Sumitomo Chemical bets big on Saudi petrochemical complex
The petrochemical complex Sumitomo Chemical is building in Saudi Arabia is the Japanese firm's biggest project in a quarter century.
OGJ Oil Diplomacy Editor
LOS ANGELES, Mar. 23 -- The petrochemical complex Sumitomo Chemical Co. is building in Saudi Arabia represents the Japanese firm's biggest project in a quarter century and a risky move to stake out an independent future based on global operations, according to media reports.
The complex, due to come on stream at the end of March, is a joint venture with Saudi Aramco, the Nikkei Business Daily reported.
Sharply rising prices for raw materials has swollen the project's total cost to ¥1 trillion from the original estimate 5 years ago of ¥500 billion, the paper reported Mar. 23.
Despite the deepening global recession, Sumitomo Chemical decided to build another large petrochemical complex adjacent to the one due to start operations.
Some industry executives are skeptical about the project's long-term viability, pointing to the region's geopolitical risks, but Sumitomo sees it as a means to secure its survival amid a shrinking domestic market and intensifying international competition.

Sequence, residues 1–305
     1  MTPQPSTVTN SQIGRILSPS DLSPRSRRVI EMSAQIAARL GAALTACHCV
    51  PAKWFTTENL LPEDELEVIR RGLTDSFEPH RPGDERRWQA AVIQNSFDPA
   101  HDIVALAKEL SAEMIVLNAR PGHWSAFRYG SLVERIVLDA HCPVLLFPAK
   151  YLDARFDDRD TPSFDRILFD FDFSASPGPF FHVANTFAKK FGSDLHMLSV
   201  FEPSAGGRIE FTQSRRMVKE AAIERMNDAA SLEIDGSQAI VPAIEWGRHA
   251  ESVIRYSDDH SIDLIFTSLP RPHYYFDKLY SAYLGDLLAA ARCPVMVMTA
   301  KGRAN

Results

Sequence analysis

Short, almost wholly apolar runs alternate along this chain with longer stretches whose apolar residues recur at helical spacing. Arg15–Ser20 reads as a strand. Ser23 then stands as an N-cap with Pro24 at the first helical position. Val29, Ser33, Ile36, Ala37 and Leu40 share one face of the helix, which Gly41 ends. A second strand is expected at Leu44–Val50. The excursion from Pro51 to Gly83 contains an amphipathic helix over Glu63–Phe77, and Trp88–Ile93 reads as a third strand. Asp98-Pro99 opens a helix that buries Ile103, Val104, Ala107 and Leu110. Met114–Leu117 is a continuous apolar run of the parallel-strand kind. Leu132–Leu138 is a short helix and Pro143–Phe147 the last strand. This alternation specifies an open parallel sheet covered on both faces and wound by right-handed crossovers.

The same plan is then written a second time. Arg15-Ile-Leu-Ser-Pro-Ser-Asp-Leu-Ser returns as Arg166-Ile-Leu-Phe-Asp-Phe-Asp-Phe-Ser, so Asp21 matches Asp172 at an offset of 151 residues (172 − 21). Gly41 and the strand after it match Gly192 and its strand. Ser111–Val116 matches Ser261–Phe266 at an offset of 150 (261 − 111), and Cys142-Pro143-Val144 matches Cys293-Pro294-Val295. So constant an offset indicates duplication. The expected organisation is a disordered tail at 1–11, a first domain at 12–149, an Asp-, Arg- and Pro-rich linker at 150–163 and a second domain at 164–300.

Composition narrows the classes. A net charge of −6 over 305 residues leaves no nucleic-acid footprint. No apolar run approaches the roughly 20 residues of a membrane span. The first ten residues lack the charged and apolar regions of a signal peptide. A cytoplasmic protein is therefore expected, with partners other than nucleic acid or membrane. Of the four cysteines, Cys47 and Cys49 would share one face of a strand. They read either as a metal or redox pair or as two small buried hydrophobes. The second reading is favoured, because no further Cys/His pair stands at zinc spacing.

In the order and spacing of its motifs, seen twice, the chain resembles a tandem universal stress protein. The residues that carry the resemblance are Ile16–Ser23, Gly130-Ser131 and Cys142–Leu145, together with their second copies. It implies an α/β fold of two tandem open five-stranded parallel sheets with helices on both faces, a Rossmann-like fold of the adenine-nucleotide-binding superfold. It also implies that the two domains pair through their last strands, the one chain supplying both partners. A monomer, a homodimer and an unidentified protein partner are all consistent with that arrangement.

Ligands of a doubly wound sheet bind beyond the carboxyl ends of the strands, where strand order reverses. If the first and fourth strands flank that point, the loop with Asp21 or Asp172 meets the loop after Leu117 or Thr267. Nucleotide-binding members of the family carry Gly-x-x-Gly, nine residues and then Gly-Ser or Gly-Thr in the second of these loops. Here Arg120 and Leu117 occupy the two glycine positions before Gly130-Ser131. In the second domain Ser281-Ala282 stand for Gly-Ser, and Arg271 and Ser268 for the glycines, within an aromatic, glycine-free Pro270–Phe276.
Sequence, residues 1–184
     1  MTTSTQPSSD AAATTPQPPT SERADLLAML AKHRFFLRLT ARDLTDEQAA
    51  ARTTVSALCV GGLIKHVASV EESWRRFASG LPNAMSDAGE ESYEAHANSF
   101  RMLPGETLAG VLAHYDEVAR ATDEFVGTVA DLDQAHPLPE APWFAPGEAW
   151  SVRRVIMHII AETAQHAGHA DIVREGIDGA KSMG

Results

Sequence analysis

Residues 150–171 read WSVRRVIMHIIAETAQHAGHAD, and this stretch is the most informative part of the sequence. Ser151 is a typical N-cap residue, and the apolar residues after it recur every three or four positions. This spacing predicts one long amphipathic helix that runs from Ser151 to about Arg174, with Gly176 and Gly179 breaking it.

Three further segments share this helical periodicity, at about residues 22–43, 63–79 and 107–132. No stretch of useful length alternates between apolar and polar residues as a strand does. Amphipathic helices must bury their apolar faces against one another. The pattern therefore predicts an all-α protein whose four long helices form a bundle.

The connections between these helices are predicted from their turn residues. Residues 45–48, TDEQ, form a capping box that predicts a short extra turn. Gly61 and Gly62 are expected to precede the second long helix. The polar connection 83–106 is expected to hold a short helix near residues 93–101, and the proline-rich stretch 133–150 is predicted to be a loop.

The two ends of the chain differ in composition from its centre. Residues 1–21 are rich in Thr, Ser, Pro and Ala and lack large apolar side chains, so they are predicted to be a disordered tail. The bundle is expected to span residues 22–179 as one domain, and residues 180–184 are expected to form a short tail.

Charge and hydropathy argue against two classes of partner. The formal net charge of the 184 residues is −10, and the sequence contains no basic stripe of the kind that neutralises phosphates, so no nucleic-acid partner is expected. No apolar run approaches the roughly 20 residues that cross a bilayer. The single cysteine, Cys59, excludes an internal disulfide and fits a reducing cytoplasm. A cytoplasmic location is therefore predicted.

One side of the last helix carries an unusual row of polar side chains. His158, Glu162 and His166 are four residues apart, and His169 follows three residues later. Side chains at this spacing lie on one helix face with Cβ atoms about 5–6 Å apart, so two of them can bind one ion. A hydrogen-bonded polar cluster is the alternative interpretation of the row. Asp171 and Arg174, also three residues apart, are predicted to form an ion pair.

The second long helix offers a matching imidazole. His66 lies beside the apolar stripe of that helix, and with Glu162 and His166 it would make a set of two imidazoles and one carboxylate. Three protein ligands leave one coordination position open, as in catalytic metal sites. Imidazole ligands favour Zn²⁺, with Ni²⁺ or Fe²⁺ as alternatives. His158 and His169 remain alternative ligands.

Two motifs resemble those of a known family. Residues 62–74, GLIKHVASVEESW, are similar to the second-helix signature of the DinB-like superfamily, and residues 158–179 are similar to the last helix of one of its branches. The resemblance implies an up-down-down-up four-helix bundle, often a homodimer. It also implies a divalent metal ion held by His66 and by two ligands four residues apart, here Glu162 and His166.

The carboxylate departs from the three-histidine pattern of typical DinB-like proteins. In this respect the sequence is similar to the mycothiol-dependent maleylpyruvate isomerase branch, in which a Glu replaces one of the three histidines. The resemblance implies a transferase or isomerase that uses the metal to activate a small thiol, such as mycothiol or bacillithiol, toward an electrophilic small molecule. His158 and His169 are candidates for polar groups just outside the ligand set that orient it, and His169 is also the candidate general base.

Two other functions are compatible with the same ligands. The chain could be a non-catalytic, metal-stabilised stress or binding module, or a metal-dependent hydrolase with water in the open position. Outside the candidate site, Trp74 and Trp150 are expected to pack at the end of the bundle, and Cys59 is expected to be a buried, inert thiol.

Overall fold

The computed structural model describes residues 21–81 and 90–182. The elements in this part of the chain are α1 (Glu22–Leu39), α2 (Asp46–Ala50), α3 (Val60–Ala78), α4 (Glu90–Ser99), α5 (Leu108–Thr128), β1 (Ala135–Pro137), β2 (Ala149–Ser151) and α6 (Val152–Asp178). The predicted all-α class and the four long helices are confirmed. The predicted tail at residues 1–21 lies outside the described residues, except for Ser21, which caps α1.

The complex, operated by the Sumitomo-Saudi joint venture Petro Rabigh Co., manufactures polyethylene and other commodity chemicals from the raw material-stage up to finished products.
The products will be exported to China, India, and Europe. Sumitomo Chemical President Hiromasa Yonekura is confident the plants will be at full capacity within 6 months.
But it has been far from smooth sailing. In addition to higher materials prices, shoddy welding was discovered on some 600 pipes, forcing a 3-month delay and costing ¥30 billion for in additional spending for repairs.
The business environment has changed dramatically. The Rabigh complex's competitive edge lies in its use of cheap ethane produced as a byproduct at oil fields as a base material, instead of naphtha.
The price difference between naphtha and ethane, however, has narrowed sharply with the collapse in oil prices to a 10:1 ratio from 30:1.
Hiroshi Hirose, Sumitomo Chemical's executive vice-president who takes the helm of the firm in April, remains unfazed by changes in the business environment, however. "Rabigh is a long-term undertaking based on a strategy looking to a future 20-30 years from now, and we don't swing between optimism and pessimism about the project," he said.
The petrochemical complex Sumitomo plans to build next will manufacture more sophisticated products after additional investment estimated at ¥300-500 billion.
A raft of new chemical complexes in the Middle East is scheduled to supplying cheap chemical products to China and other Asian markets, which currently absorb 20% of Japanese chemical exports.
Sumitomo is betting its investments in Saudi Arabia will help it survive such threats and craft a future less dependent on the domestic market.
Contact Eric Watkins at firstname.lastname@example.org.